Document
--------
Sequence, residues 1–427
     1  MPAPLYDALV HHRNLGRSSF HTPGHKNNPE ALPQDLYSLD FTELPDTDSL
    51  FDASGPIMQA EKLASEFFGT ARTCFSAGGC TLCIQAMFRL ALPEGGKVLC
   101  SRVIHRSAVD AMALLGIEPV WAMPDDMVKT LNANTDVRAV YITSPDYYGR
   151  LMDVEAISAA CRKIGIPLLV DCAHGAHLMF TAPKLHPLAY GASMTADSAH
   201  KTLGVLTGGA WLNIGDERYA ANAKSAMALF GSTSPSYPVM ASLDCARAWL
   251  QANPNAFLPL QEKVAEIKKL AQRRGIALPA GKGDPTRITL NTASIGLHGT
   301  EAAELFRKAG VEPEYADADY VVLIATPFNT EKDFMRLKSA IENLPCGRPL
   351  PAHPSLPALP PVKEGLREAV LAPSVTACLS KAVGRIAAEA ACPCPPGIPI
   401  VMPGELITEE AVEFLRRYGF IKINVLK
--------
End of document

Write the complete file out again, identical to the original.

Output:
Sequence, residues 1–427
     1  MPAPLYDALV HHRNLGRSSF HTPGHKNNPE ALPQDLYSLD FTELPDTDSL
    51  FDASGPIMQA EKLASEFFGT ARTCFSAGGC TLCIQAMFRL ALPEGGKVLC
   101  SRVIHRSAVD AMALLGIEPV WAMPDDMVKT LNANTDVRAV YITSPDYYGR
   151  LMDVEAISAA CRKIGIPLLV DCAHGAHLMF TAPKLHPLAY GASMTADSAH
   201  KTLGVLTGGA WLNIGDERYA ANAKSAMALF GSTSPSYPVM ASLDCARAWL
   251  QANPNAFLPL QEKVAEIKKL AQRRGIALPA GKGDPTRITL NTASIGLHGT
   301  EAAELFRKAG VEPEYADADY VVLIATPFNT EKDFMRLKSA IENLPCGRPL
   351  PAHPSLPALP PVKEGLREAV LAPSVTACLS KAVGRIAAEA ACPCPPGIPI
   401  VMPGELITEE AVEFLRRYGF IKINVLK